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Life Science

Journals for younger grades

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Anne Hargis Anne Hargis 90 Points


I am currently involved with a second grade classroom, and I was curious on when a good age is to begin science journals? I want to start a month long unit where the students are writing down observations they see when the snow is hitting the ground and it is slowly turning Winter. What are so fun ways to involve them in learning about winter?

Thank you,

Anne Hargis

Pre Service Teacher

Wartburg College

Pamela Dupre Pamela Dupre 92369 Points

I used to teach 2nd grade and we did science journals every year. It was so rewarding when we would come to a topic that we had previously done and one of the students would say wait!!!! It's in my journal. We started out with drawing and labeling and keeping some samples then we added sentences with descriptions and used science vocabulary because we were real scientists. I'll see some of those kids around town and they will tell me they still have their science journals. 

We kept weather logs throughout the year and we kept measurements of their height from the first day of school, Christmas, Easter, and the end of the year. They created graphs with their data.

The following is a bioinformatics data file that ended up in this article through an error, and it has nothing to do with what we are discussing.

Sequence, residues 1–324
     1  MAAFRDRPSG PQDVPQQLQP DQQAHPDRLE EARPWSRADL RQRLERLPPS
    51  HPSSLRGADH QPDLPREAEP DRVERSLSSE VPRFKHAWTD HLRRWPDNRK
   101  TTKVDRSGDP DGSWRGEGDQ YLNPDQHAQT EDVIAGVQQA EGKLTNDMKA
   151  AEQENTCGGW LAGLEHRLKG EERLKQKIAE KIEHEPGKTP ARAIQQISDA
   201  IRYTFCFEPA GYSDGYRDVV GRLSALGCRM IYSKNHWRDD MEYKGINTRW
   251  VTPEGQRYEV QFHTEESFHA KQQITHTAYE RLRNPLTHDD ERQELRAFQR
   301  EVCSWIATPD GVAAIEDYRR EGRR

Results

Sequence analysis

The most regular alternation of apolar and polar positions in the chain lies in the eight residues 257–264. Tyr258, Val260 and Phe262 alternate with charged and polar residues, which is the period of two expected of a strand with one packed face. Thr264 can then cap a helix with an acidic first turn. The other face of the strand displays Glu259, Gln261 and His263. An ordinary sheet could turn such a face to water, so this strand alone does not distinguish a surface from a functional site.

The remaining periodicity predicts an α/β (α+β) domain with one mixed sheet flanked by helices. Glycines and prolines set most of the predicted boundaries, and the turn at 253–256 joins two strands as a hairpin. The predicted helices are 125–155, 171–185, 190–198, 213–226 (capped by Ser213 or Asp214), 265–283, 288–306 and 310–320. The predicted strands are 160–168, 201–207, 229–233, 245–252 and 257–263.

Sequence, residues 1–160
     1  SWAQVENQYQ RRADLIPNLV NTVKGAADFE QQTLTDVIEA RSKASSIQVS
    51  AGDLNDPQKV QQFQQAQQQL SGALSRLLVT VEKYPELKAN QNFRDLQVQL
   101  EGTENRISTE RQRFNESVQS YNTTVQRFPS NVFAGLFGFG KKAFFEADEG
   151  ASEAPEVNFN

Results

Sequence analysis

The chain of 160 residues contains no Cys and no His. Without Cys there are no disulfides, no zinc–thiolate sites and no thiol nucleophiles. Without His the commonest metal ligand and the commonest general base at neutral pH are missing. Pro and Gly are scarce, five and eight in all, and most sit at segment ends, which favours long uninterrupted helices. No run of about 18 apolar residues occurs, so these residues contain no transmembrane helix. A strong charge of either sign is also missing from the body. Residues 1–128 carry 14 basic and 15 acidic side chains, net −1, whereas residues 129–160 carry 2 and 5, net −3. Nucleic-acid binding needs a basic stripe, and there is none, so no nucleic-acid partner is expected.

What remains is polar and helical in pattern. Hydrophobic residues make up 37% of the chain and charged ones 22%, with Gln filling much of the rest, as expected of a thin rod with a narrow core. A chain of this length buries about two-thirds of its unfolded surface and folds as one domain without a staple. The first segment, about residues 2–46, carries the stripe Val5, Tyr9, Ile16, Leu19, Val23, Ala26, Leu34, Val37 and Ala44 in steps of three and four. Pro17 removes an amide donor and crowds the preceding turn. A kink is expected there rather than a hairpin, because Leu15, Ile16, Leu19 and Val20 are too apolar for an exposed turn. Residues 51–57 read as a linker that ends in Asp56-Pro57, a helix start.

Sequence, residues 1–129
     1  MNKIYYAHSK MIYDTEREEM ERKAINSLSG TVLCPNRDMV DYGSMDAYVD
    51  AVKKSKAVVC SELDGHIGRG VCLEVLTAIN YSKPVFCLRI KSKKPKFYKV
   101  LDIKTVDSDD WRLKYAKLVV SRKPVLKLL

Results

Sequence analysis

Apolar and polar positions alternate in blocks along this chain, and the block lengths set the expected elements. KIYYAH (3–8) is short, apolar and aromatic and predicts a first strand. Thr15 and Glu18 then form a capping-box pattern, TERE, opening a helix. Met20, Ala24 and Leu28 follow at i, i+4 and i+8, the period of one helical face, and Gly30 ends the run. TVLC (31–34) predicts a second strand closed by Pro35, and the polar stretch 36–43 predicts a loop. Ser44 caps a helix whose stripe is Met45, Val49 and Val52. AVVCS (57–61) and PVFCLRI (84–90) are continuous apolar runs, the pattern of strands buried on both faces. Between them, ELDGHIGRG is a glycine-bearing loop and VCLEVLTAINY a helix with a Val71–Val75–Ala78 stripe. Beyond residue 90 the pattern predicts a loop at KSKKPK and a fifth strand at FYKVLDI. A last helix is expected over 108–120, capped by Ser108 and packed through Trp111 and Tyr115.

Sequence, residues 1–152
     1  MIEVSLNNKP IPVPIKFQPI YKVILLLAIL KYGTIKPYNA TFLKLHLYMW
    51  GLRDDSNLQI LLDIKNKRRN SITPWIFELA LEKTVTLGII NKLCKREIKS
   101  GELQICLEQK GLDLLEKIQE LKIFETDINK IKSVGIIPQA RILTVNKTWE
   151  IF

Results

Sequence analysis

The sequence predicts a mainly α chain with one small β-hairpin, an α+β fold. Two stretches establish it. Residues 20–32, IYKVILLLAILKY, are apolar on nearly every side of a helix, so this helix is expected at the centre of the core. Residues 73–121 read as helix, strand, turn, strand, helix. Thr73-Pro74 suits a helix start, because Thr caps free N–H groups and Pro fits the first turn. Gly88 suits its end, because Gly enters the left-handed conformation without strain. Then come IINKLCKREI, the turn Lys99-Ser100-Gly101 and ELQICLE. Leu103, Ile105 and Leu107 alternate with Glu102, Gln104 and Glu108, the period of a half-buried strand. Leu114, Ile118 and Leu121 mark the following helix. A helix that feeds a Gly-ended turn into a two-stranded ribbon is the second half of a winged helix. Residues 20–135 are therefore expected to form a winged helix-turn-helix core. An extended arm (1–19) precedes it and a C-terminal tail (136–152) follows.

I did a leaf experiment with boiling cut up leaves in alcohol and letting it cool. I put a rolled up paper towel over the edge of the pot into the liquid and we could see the liquid wick up the napkin and separate into greens and browns. We talked about the shorter days and photosynthesis. I also read Axel Annie and did the Insta Snow! 

Seriously check into NSTA's book series, Picture Perfect Science and you will be amazed!

Maria Salazar-Perez Maria Salazar-Perez 505 Points

Hi there! I think it’s never too early to begin using journals. The content and level of complexity will certainly change as the grade level gets higher, but even in the really younger grades I’ve seen teachers use journaling in science. I think second grade would be a great year to dive right into them, you can also incorporate ELA into your journal by having students create chapter titles, headers, bold vocabulary words, etc. Similarly, this year, I tried implementing interactive notebooks in science to help supplement the journal. Unfortunately, our copy machine decided to call it quits a out a month into the school year and our replacement arrived about two months after that. I still use a version of the interactive notebook, but it is not what I was aiming for due to the technical difficulties that arose from not having a copy machine. However, we are able to do our fair share of journaling, annotating, and activities in our notebooks.

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